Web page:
Infoscience

Thesis

Low stress acrylated hyperbranched polymers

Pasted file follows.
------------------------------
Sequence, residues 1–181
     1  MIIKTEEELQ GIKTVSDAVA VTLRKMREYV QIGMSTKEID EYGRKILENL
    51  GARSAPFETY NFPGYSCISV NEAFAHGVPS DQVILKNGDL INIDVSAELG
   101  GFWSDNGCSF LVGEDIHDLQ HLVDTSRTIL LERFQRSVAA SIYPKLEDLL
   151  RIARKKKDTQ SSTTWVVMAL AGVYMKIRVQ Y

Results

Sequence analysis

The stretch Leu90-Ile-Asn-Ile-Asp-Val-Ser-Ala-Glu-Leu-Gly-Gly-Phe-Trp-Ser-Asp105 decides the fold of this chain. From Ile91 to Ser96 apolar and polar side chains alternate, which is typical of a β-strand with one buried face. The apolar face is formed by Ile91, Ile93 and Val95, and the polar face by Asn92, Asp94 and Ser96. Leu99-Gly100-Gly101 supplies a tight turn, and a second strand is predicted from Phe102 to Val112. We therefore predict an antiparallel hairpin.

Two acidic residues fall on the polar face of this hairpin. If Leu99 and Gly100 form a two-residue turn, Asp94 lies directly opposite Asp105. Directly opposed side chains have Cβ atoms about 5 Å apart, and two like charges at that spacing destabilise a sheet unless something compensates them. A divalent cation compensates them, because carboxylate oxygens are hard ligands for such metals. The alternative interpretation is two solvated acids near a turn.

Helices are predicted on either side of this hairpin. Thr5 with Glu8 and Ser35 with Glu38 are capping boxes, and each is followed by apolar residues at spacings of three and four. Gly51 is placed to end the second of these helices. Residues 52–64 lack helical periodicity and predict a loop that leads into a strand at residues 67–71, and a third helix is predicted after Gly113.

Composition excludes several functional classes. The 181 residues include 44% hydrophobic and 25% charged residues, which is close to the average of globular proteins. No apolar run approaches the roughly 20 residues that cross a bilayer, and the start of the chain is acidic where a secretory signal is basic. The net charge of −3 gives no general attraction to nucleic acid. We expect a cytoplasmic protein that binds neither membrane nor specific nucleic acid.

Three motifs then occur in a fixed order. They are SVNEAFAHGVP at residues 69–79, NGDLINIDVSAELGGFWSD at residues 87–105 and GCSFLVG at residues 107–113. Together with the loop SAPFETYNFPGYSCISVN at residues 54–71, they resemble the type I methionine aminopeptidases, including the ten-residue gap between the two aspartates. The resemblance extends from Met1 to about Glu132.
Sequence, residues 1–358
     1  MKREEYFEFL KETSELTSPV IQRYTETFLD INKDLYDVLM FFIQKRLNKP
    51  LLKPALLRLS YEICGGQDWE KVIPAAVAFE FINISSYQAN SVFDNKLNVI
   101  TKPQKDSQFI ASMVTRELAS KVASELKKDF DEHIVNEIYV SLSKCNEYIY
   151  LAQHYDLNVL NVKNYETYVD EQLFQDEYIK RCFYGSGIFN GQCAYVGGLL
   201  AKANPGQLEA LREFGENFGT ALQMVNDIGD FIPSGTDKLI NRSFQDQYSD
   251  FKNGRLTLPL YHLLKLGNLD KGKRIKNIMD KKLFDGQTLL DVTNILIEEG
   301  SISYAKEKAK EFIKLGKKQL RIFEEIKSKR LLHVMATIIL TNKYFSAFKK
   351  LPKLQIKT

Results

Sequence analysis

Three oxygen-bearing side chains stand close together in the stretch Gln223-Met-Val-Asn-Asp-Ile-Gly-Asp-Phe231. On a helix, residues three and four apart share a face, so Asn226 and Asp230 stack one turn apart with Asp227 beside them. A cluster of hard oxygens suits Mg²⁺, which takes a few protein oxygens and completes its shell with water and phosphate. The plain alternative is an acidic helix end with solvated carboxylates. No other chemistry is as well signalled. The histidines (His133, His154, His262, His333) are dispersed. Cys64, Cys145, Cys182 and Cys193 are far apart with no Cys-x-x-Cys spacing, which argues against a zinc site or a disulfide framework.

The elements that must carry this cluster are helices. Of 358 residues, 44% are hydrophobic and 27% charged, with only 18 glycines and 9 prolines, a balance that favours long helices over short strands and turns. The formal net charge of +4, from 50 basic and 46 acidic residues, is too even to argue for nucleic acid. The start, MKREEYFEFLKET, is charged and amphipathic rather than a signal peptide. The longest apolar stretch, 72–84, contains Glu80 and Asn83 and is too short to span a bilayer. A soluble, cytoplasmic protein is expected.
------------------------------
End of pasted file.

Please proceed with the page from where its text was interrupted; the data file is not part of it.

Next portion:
The objective of this study was to investigate the behavior of highly functional acrylates, during isothermal ultraviolet (UV) curing. The materials included a pentafunctional acrylate and two acrylated hyperbranched polymers, one with a stiff polyester core and one with a more flexible polyether core. In particular, the influence of UV intensity and reactive blend composition on structural transitions, such as gelation and vitrification, and on the dynamics of internal stress was considered. Curing kinetics were studied with photo differential scanning calorimetry. The chemical conversion was analyzed using an autocatalytic model and a criterion for identifying vitrification directly from photocalorimetric experiments was proposed. It was observed that reactive blends containing HBPs had a higher conversion at vitrification, compared to the pure penta-functional acrylate. Strong intensity dependence of the maximum conversion rate and a weak intensity dependence of the ultimate conversion were observed. The latter was found to be controlled by the conversion at vitrification. The structural transitions and the modulus build-up during UV polymerization were determined by photorheology. A refined data processing algorithm was developed, that allows monitoring the shear modulus over 5 orders of magnitude within a short experimental time scale, with millisecond time resolution. Gelation – the liquid-solid transition – was found to be below 5 % conversion for all acrylates investigated. In contrast, the conversion at vitrification was strongly dependent on the actual monomer and increased with increasing UV intensity. The results of the photo DSC and the photorheology study were synthesized in the form of timeintensity- transformation diagrams. The dynamics of internal stress and cure shrinkage were studied using beambending and an interferometry-based method, respectively. The internal stress of the acrylated HBPs was largely reduced compared to the standard highly functional acrylate monomer. Moreover, in the case of one HBP with a polyester core and a reactive blend of the HBP with the standard highly functional acrylate, the stress reduction was obtained with a combined increase of Young's modulus, which was attributed to retarded modulus build-up and a higher final conversion. It was found that curing at a lower UV intensity led to earlier vitrification, hence earlier internal stress build-up, but limited maximum conversion thus limited final stress. Curing at a higher intensity led to later stress build-up but higher final stresses. Polymer microstructures were fabricated from the different acrylates in a photolithographic process and compared to SU-8, an epoxy frequently used for this kind of application. It was shown that the shape accuracy is linked to the processinduced internal stresses: the best result for thick and high aspect ratio microstructures – as used for example for microfluidic devices – was obtained for the acrylated HBP with a polyether core.

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